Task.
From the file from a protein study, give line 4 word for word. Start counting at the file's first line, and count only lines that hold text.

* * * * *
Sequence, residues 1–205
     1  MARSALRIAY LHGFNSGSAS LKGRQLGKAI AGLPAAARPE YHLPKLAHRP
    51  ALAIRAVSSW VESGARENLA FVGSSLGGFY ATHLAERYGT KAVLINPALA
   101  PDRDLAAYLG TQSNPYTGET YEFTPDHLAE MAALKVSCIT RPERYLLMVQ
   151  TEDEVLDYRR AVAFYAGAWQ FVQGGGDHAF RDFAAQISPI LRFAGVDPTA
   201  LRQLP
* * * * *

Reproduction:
   101  PDRDLAAYLG TQSNPYTGET YEFTPDHLAE MAALKVSCIT RPERYLLMVQ